George, Culinary Scientist and author of
http://whatrecipesdonttellyou.com
Reply
George, Culinary Scientist and author of
http://whatrecipesdonttellyou.com
Reply
post #5 of 12
Quote:
Originally Posted by phatch View Post

Mexican style is well known for pairing with eggs for breakfast. I'd think you could do a good home fry/hash brown with chorizo. I guess that makes it a hash but....
 

My absolute favorite chorizo application is fried up with grated/shredded potatoes, some peppers (anaheim and jalapeno are good, but I'm pretty sure that no matter what you use it would turn out more-than-OK) and some over-easy eggs, all wrapped up in a tortilla with some salsa.  This breakfast burrito is by FAR the best way to start a long day - or to finish a long night!
RJM

Someone told me that the fastest way to lose weight is by eating home-cooked meals.

They aren't eating what I'm cooking.
Reply
RJM

Someone told me that the fastest way to lose weight is by eating home-cooked meals.

They aren't eating what I'm cooking.
Reply
post #6 of 12
       Hi Schmoozer 

   Yes, Mexican chorizo sure is greasy.  I would have to second (or third) the comment that Mexican chorizo goes well with breakfast.  Eggs, hashbrowns, scrambled eggs & chorizo in a tortilla with whatever toppings you like.  Yum yum!

   For Mexican chorizo your deli may make a good chorizo too.  You're always going to have grease, with Mexican chorizo, but one of my deli's does have better meat...and seasoning than the two other brands that are pre-made in the store.  You should give your grocery stores a check and see if they make it fresh too.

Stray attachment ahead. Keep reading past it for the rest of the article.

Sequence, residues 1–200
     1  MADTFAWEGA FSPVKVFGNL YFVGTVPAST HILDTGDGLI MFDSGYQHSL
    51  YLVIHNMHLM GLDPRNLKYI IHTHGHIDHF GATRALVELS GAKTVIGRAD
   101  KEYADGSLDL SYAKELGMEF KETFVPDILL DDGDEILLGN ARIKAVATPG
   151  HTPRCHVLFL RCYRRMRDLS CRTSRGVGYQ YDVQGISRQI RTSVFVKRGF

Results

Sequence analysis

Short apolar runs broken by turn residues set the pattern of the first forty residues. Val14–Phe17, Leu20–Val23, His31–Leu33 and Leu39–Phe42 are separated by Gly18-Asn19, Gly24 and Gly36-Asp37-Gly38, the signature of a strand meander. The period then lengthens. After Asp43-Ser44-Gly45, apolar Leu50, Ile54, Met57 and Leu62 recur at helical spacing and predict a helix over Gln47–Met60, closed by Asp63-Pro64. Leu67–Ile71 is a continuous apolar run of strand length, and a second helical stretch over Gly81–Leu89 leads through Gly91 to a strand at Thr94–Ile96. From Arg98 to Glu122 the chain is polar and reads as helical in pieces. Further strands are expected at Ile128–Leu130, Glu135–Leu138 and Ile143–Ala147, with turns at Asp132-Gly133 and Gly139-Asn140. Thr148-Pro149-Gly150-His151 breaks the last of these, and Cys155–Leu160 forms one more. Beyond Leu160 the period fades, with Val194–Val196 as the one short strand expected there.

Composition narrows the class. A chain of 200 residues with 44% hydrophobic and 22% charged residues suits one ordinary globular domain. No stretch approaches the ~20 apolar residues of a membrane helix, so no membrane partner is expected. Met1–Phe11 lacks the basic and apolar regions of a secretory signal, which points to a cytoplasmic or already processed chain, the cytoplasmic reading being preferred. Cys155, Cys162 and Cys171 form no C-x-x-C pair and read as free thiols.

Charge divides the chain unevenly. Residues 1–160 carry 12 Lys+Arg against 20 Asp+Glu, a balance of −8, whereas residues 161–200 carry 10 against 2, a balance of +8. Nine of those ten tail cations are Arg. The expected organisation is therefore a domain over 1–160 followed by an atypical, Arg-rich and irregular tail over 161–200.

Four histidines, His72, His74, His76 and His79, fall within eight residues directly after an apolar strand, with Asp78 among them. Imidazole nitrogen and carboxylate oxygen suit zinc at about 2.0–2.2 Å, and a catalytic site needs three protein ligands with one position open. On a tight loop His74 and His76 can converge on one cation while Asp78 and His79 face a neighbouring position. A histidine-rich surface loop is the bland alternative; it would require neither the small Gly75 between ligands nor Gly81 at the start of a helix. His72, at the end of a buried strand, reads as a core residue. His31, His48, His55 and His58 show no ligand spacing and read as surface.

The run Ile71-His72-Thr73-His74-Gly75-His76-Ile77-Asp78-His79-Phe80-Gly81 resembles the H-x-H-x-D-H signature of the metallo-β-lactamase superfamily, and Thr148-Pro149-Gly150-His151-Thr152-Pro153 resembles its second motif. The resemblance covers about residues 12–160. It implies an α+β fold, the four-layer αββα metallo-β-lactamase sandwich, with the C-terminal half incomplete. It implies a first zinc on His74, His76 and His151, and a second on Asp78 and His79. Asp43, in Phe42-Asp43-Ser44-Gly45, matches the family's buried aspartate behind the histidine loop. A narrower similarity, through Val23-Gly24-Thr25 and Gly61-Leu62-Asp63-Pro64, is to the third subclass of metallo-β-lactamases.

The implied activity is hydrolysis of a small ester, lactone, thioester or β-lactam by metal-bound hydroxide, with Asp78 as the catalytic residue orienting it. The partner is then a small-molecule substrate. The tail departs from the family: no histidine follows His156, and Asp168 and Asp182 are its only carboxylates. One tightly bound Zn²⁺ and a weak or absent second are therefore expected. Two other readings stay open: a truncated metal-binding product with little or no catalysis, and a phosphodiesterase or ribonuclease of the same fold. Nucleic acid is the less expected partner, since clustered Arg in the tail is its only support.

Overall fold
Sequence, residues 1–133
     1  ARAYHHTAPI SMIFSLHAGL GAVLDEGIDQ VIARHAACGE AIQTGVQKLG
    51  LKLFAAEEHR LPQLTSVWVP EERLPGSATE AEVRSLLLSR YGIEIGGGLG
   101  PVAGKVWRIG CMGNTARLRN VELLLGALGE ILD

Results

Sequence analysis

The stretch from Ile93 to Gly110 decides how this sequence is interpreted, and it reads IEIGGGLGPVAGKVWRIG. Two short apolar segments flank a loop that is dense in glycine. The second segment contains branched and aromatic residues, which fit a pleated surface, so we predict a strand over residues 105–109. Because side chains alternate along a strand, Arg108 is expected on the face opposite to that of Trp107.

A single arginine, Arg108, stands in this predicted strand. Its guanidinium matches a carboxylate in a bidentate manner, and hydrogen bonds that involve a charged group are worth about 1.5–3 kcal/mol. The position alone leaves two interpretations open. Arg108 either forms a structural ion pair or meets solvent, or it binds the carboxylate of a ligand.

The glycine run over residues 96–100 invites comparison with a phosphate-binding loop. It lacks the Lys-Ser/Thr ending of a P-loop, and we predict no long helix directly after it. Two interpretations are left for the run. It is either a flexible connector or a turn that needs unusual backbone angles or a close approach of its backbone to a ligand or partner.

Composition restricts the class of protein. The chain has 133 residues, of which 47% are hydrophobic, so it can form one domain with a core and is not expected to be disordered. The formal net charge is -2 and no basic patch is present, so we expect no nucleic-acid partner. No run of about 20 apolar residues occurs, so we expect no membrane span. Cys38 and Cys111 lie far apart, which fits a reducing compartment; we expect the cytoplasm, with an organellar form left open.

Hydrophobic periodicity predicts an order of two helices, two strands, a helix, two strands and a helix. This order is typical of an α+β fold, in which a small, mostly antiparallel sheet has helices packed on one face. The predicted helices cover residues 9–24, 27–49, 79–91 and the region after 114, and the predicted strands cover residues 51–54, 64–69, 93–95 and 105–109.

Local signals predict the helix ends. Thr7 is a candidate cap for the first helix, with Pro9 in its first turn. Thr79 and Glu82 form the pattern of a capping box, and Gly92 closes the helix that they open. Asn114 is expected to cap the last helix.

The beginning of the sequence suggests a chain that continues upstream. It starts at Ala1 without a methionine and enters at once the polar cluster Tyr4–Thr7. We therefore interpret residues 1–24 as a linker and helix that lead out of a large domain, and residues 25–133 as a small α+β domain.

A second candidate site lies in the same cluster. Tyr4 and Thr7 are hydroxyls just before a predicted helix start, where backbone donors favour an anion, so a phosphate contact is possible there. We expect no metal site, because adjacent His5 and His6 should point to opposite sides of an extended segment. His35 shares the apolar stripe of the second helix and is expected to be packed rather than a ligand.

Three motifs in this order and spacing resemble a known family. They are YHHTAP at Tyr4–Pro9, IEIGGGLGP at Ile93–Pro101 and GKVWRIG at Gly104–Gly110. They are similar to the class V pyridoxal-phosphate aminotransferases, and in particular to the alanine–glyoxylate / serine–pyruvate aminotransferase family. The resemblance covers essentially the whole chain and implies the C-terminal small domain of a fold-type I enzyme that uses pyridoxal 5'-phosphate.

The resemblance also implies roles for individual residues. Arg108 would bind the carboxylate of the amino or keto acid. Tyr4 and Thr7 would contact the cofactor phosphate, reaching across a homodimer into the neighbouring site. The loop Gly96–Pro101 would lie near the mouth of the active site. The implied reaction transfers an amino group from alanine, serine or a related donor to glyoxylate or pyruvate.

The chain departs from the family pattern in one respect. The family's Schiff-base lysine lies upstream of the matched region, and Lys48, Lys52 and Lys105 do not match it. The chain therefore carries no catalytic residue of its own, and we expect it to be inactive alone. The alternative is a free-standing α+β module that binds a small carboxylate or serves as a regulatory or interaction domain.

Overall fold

Spanish chorizo (as stated above) is indeed an entirely different thing.  The Palacios chorizo is a hard, dry cured chorizo...this goes well in rice dishes.  I've also had a nice slicing chorizo, Cantimpalo style chorizo.  This was more like a traditional deli type meat, on the lines of salami (but different).  It's nice to just eat alone, on a sandwich or with a charcuterie plate.  



   Anyway you slice it...or cook it, you're sure to enjoy!

  
    yummy pimenton 

  dan

    
post #7 of 12
Spanish chorizo also comes in two basic styles: hot and not. The hot will carry the word "picante" on the label.

There's also a Portugese variation. It's also a dry, cured sasage, similar to the Spanish, but with different herbs/spices. I've no idea how it's really spelled, but they pronounce it "chareeze."
They have taken the oath of the brother in blood, in leavened bread and salt. Rudyard Kipling
Reply